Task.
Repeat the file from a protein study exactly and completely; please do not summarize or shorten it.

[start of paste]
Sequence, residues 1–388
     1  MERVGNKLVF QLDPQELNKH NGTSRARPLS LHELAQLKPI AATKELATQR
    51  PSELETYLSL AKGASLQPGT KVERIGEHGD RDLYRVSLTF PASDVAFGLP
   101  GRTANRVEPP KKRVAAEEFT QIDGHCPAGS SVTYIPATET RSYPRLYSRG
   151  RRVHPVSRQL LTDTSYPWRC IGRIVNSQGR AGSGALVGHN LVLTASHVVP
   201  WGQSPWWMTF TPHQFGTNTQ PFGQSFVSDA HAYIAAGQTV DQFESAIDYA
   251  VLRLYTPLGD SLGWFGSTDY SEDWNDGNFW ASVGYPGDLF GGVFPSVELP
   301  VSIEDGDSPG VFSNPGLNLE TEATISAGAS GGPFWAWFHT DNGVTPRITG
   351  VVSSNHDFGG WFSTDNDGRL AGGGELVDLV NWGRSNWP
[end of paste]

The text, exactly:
Sequence, residues 1–388
     1  MERVGNKLVF QLDPQELNKH NGTSRARPLS LHELAQLKPI AATKELATQR
    51  PSELETYLSL AKGASLQPGT KVERIGEHGD RDLYRVSLTF PASDVAFGLP
   101  GRTANRVEPP KKRVAAEEFT QIDGHCPAGS SVTYIPATET RSYPRLYSRG
   151  RRVHPVSRQL LTDTSYPWRC IGRIVNSQGR AGSGALVGHN LVLTASHVVP
   201  WGQSPWWMTF TPHQFGTNTQ PFGQSFVSDA HAYIAAGQTV DQFESAIDYA
   251  VLRLYTPLGD SLGWFGSTDY SEDWNDGNFW ASVGYPGDLF GGVFPSVELP
   301  VSIEDGDSPG VFSNPGLNLE TEATISAGAS GGPFWAWFHT DNGVTPRITG
   351  VVSSNHDFGG WFSTDNDGRL AGGGELVDLV NWGRSNWP